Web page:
The technical explanations are fantastic. I'll definitely spend some time with the link you sent Rick. While it doesn't address what to do in Photoshop specifically, it should help me interpret the user manuals explanations and videos.

Thanks for recommending Ken Crawford's Photoshop tutorials Glen, the name doesn't ring a bell with me but I might have dismissed it long ago as I was focused on finding info for my particular photo editor. I've adopted another tack and am pursuing the science behind photo editing instead of the mechanics and perhaps these will be helpful.
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Old 19-12-2016, 02:48 PM
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Kevin,
If you are DSS and Canon person, this thread may help:
http://www.iceinspace.com.au/forum/showthread.php?t=48651&highlight=di gital+photo+professional&page=2, Post #37
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Old 19-12-2016, 10:39 PM
sharptrack2 (Kevin)
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Thanks Bojan,

Every little bit helps.

What I want to understand is, what is changing as you adjust the curve? The data can only be manipulated certain ways. If the histogram shows the magnitude of photons for each pixel, across a particular range (0-255), what is happening to the data as you move the curve? Are you simply changing the reference points for how any particular program interprets the data, as Col mentions.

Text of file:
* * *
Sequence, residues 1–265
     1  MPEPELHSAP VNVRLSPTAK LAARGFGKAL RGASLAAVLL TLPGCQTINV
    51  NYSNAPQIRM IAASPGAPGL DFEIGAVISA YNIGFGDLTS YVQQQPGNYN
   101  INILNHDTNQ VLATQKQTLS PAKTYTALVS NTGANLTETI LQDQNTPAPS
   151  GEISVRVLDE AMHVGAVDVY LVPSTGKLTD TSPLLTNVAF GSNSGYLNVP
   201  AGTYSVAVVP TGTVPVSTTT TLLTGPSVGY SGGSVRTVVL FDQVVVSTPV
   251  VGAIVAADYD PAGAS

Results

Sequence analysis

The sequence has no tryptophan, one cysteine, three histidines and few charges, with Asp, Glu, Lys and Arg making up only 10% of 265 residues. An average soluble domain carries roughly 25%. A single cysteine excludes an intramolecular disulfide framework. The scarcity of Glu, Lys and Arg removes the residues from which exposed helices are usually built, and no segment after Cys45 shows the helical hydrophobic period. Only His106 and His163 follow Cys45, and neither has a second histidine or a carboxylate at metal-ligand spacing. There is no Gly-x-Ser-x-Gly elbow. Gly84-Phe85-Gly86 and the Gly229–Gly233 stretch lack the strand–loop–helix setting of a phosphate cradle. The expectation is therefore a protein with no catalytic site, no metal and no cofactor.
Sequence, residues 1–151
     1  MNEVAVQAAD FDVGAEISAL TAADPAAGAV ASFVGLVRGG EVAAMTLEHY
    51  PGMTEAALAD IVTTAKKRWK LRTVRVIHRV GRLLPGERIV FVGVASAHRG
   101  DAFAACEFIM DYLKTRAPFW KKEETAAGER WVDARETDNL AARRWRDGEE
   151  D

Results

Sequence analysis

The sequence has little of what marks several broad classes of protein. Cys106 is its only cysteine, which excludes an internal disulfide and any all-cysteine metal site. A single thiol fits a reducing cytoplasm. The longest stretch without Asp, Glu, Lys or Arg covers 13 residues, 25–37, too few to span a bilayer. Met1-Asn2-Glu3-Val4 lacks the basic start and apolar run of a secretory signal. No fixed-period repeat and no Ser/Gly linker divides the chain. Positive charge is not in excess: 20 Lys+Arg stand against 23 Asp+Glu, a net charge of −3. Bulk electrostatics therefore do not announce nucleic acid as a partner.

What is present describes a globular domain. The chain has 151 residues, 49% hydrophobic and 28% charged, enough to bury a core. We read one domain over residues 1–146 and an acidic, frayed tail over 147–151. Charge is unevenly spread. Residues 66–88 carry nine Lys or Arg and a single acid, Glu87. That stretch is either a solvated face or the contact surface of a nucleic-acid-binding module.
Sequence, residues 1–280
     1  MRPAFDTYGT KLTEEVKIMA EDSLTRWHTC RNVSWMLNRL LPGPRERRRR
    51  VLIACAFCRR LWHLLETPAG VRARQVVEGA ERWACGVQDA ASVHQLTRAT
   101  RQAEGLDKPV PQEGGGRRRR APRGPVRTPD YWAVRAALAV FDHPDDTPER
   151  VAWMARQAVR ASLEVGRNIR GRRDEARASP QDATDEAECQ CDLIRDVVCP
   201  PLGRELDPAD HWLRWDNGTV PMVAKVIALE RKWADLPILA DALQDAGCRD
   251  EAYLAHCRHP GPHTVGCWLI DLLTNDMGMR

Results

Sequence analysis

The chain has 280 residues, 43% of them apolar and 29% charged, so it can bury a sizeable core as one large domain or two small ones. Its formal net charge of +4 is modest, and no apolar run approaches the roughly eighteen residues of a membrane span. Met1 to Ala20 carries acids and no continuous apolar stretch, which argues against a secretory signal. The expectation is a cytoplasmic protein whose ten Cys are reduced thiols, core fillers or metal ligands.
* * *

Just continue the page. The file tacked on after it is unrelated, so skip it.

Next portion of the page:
Is it as simple as you are removing all the empty points at each end of the 0-255 histogram so that the signal to noise ratio artificially improves?

This is kind of understanding I find myself craving... as I mentioned possibly a little self-destructive in that some may think that it kills all the fun in creating an image.

A somewhat ironic aspect of all this is that I'm not really interested in going down the imaging path. Too expensive and once an image is taken and processed, I'd be done. My interests are more on the observational side and simply capturing moments. "crazy it is... young padiwan... "
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Old 20-12-2016, 07:26 AM
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By adjusting the curves, you are changing the starting point (bias) and polynomial factors, used to calculate the display brightness for that particular pixel value on the screen.

For example, your data (original pixel value) could be say 128, but the displayed value will be 255. Or, the original pixel value is 10, the displayed value is 120. For pixel value =5, display value could be 0. (please note the factor value in this example is different for different original pixel value - small original values are amplified more than large values).